Today’s installment is the 26 August 1944 mission in which the Brodie crew participated.


WWII Combat Chronology – Saturday, 26 August 1944

384th BG Mission 185/8th AF Mission 576 to Gelsenkirchen, Germany.

Target: Oil Industry, the Buer Synthetic Oil Plant.

The James Joseph Brodie crew of the 545th Bomb Squadron participated in this mission. The John Oliver Buslee crew of the 544th Bomb Squadron did not participate.

Carter and Mueller’s U.S. Army Air Forces in World War II Combat Chronology 1941 – 1945 entry:

HBs are dispatched in 4 operations against tgts in France and Germany. In first operation 95 B-24’s bomb synthetic oil plant at Ludwigshafen, M/Ys at Ehrang and Konz-Karthaus, and other tgts at Alzey and Meisenheim. 2 ftr gps fly spt, with 1 gp later strafing Speyer A/F. In second operation 171 B-17’s escorted by 1 P-51 gp bomb 8 gun positions at Brest while clouds prevent over 150 other HBs from bombing. In the third operation over 400 B-17’s and B-24’s bomb 2 synthetic oil plants, 2 oil refineries, a fuel depot, 2 A/Fs, and T/Os in NW Germany. 7 ftr gps escort, with 1 gp later conducting strafing attacks. In last operation an attack by 30 B-17’s against 3 liquid oxygen plants in Belgium is aborted because of thick haze. 1 P-51 gp gives uneventful spt.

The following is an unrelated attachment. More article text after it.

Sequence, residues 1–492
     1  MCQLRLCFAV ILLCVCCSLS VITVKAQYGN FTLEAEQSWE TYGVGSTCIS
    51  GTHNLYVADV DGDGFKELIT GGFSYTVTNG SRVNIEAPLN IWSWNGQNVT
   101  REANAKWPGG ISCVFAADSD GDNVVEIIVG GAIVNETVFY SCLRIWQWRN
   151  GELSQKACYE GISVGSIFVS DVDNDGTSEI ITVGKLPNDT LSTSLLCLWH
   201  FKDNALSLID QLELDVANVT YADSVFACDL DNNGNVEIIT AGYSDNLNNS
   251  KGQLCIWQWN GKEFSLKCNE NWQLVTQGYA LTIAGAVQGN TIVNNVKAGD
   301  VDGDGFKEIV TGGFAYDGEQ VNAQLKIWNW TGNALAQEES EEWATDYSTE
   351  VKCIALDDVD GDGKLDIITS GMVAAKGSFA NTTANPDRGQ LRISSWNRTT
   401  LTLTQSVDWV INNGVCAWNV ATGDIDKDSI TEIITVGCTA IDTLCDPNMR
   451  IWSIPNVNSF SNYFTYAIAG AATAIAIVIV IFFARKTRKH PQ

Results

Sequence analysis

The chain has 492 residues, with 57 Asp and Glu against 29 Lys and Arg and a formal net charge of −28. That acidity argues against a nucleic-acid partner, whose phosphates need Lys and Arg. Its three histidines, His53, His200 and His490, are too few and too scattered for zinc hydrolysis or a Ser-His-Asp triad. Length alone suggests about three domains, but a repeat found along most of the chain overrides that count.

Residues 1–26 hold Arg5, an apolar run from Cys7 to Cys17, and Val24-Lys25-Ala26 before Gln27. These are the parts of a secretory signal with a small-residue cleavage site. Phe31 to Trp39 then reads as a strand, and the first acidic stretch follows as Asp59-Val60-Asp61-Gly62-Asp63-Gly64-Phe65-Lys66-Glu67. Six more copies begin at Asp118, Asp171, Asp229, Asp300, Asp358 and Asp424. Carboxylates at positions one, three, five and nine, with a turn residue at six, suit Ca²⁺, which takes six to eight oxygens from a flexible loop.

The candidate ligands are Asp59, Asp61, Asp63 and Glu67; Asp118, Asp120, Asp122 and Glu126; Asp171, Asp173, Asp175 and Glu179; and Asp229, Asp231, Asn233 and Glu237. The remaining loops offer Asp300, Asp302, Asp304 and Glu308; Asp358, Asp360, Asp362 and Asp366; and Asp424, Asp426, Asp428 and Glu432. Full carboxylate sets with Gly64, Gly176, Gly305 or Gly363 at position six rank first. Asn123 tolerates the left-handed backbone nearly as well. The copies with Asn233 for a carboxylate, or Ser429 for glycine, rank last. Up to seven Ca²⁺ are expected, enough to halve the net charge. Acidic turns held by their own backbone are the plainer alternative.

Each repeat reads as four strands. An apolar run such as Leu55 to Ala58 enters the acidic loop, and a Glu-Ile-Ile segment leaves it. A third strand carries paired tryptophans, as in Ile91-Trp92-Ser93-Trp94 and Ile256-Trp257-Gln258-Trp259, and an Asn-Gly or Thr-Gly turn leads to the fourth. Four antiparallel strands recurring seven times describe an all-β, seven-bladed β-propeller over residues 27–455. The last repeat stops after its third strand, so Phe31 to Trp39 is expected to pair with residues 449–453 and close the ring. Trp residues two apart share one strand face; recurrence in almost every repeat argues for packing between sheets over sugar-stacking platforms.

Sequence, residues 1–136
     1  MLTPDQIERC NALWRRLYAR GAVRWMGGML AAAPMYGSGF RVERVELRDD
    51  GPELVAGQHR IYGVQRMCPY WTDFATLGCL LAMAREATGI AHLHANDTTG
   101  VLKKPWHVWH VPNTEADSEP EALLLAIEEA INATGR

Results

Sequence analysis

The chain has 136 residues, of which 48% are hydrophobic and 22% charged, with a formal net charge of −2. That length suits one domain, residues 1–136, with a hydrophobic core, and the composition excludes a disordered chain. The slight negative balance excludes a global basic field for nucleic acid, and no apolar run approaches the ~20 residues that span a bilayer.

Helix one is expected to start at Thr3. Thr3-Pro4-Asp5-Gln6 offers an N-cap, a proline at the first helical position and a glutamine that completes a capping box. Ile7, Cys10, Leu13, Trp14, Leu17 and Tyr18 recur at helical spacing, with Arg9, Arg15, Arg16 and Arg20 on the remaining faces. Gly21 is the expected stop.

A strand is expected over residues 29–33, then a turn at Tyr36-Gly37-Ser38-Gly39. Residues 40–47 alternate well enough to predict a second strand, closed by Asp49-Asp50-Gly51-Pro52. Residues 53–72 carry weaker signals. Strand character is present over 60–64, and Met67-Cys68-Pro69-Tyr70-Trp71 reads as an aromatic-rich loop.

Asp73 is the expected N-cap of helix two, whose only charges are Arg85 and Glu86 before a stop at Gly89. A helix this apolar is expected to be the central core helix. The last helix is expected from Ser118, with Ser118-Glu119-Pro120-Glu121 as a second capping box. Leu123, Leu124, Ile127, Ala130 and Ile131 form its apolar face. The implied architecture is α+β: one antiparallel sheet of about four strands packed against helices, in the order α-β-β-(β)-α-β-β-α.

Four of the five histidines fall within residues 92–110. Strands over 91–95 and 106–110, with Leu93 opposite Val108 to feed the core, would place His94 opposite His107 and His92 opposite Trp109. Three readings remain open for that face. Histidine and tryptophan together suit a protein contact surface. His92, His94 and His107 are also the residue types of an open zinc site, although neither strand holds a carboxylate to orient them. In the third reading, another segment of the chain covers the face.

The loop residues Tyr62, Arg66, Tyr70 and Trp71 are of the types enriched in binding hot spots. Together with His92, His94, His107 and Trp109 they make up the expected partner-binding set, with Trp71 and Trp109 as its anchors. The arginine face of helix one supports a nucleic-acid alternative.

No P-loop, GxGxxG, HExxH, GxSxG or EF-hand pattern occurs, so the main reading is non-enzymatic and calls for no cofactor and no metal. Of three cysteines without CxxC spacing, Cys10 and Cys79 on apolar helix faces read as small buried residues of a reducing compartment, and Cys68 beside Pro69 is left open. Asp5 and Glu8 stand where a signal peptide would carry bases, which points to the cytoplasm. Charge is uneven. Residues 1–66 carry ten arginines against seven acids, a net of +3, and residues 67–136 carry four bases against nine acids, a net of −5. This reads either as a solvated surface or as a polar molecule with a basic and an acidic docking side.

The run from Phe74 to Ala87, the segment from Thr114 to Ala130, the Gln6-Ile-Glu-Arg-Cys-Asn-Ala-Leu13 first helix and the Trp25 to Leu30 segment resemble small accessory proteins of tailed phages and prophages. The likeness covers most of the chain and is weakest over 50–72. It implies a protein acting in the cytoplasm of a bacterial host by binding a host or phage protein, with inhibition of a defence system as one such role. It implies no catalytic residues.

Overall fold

Jack McKillop’s USAAF Chronology: Combat Chronology of the US Army Air Forces entry:

EUROPEAN THEATER OF OPERATIONS (ETO)

STRATEGIC OPERATIONS (Eighth Air Force): 8 missions are flown (numbers in parenthesis indicate number of bombers attacking).

  1. Mission 575 to attack gun batteries in the Brest, France area.
  2. Mission 576 to attack oil refineries, fuel stores, and chemical works in Germany. The Brodie crew participated in this mission.
  3. Mission 577, an AZON bomb mission to the Moerdijk rail bridge in the Netherlands. Clouds prevent the attack.
  4. Mission 578 to liquid oxygen plants in Belgium. Aborted due to clouds.
  5. Mission 579, a special bomb test using Micro H radar against aviation industry targets at Meaulte, France.
  6. Mission 580, a Micro H test mission and leaflet drop.